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Myanmar economy badly hit by weakening kyat, rising prices
Yangon – The plunge in the value of the Kyat is causing rising prices and shortages of some products – hurting mostly the poor.
The Kyat has depreciated to Ks1,610 per US dollar from around Ks 1,340-1,475 in February when the coup and unrests began.
The political instability has led to a fall in exports as well as imports, and subsequently weakening the Myanmar currency.
As the dollar value climbed, the costs of fuel, telecommunication equipment, medicine food stuff and other assorted items, mostly imported, have risen.
“Local products such as rice, oil, salt, pepper, onion, potato have not risen that much not climb much. But all imported products carry higher cost, especially household related goods from Thailand. I don’t know whether it’s because the Kyat is also depreciating. Anyway, we sell items we get from the wholesale distributor with a little mark-up,” said a general goods store owner from Tamwe.
Thingangyun Township’s pharmacies also report that there have been price hikes while stocks of some products have run out.
“Everytime the dollar goes up, so do the medicine costs. Most are the medicines that people generally use. Some companies are not increasing their prices but instead just stopped the sale. Business has been bad, really bad. I see it in most stores,” said a pharmacist in Thingangyun Township.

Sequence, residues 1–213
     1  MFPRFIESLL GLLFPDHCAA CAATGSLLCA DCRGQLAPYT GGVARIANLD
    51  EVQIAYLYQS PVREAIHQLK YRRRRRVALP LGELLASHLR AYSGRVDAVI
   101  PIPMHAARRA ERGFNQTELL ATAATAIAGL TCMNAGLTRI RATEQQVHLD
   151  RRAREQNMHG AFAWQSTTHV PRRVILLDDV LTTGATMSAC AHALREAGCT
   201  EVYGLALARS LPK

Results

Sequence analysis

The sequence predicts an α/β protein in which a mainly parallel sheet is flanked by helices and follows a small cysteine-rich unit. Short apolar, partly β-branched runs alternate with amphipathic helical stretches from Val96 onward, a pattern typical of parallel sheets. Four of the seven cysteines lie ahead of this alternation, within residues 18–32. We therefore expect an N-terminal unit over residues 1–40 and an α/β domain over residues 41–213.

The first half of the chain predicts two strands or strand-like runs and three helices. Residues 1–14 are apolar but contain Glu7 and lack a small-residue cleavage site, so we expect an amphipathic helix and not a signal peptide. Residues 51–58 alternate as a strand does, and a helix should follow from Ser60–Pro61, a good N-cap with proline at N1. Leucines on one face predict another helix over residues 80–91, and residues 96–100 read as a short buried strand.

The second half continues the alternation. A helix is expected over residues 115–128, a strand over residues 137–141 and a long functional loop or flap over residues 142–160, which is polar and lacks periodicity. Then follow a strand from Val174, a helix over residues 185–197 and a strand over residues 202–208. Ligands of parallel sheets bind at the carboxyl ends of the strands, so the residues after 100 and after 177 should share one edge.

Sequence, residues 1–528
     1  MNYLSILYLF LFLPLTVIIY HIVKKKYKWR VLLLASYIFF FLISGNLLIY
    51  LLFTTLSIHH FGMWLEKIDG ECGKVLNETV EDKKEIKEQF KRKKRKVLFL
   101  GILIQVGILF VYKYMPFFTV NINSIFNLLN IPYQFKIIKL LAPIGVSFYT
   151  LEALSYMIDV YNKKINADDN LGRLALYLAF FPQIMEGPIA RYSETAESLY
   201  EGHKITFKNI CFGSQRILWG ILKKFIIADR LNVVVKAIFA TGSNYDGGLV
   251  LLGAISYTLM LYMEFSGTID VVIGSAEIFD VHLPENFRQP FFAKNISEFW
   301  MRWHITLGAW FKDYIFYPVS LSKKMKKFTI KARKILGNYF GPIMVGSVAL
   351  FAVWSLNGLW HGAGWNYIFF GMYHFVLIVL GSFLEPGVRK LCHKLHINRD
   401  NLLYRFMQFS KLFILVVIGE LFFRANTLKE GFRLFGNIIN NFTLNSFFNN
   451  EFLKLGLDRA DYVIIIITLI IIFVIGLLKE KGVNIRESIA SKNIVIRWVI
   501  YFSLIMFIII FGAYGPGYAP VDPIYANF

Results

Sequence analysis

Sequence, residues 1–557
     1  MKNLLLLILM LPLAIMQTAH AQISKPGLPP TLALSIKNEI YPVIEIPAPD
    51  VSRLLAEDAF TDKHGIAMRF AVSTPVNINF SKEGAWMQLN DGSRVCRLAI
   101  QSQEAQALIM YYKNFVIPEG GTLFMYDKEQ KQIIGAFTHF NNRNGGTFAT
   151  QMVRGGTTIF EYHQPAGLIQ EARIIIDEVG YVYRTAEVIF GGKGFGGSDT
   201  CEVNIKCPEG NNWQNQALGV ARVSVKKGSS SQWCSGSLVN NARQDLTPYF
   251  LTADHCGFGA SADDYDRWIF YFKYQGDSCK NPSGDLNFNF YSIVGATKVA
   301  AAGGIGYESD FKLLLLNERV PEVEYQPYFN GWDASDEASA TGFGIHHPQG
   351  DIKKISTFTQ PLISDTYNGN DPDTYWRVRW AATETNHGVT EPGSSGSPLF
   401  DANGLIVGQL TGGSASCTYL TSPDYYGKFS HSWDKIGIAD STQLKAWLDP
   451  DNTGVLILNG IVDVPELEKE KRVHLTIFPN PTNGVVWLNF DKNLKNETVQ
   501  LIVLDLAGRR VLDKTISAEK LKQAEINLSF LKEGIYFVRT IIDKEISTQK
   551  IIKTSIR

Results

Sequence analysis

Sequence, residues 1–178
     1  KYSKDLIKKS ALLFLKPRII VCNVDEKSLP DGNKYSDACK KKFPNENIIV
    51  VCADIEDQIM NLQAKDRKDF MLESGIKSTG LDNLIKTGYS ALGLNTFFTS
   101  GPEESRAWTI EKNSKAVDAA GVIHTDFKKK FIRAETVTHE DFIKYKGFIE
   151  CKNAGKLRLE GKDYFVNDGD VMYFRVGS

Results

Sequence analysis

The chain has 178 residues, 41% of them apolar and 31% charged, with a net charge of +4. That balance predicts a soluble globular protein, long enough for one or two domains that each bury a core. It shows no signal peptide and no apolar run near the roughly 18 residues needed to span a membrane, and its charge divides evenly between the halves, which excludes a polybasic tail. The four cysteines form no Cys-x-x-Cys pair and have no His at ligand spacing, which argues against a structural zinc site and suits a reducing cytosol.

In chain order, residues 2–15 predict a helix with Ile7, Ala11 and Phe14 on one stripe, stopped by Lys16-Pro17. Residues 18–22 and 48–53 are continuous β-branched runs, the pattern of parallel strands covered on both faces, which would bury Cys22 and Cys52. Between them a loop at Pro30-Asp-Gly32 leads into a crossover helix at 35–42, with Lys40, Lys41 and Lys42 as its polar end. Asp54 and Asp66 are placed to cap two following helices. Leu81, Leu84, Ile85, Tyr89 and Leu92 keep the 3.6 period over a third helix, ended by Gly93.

Myanmar has a wide income gap between the rich and the poor, and the latter is hurt mostly in the uncertain environment.
As of now, the current price for a bag of rice is at Ks 48,000. In November 2, 2020, a bag of Shwe Bo Paw San rice went up to between Ks 50,000 Ks 58,000. It was a similar situation for Pathein Paw San with rice Ks 38,500 – 41,000 in November 2020 and Ks 36,000 and 38,000 on April 20.
In the 2020-2021 fiscal year, between October 1 to April 2, 1.131 million tonnes of broken rice and rice were exported to over 30 countries, a drop of about half a million tonnes from the the same period a year before, with a drop of Ks 74,409 million in revenue.
According to the Myanmar Rice Federation, rice and broken rice are exported the most to China as well as Belgium. Other official figures also suggest that while local general consumer market prices for rice, poultry and such rose very little.
For petrol, the Global Petro Prices Website for Asean nations claim that as of April 19 2021, Myanmar withnessed an increase of 2.90 percent while Thailand posted a rise of 1.80 and Singapore 1.20 percent. Local rates suggest that while it is not skyrocketing yet, it is climbing steadily.
Myanmar economy is already hard hit by Covid-19 and further severe impacts of a second wave are not ruled out by local business people.
Published : April 28, 2021
By : Eleven Media/ANN